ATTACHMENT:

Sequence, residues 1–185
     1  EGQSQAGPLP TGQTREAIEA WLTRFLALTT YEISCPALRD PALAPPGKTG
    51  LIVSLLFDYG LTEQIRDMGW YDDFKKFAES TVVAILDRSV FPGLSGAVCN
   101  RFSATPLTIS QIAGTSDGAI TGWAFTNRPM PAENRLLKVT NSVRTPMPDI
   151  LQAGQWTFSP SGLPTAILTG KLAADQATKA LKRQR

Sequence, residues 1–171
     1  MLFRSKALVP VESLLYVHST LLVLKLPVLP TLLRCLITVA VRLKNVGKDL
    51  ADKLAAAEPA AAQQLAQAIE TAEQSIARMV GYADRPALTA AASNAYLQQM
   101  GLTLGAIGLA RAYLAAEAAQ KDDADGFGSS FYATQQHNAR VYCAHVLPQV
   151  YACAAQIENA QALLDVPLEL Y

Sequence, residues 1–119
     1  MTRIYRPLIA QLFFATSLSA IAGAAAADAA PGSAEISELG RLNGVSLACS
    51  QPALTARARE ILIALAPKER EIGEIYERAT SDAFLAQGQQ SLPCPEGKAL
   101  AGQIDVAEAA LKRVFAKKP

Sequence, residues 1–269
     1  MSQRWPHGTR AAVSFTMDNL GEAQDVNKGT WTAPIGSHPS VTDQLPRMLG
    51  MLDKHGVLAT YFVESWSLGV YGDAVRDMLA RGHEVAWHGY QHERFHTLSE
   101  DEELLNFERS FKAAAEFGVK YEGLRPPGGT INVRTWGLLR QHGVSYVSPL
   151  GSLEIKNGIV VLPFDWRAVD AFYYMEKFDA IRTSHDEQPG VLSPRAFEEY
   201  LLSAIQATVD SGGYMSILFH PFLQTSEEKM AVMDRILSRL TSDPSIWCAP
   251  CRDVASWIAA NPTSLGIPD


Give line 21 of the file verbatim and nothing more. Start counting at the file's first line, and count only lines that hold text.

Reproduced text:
   251  CRDVASWIAA NPTSLGIPD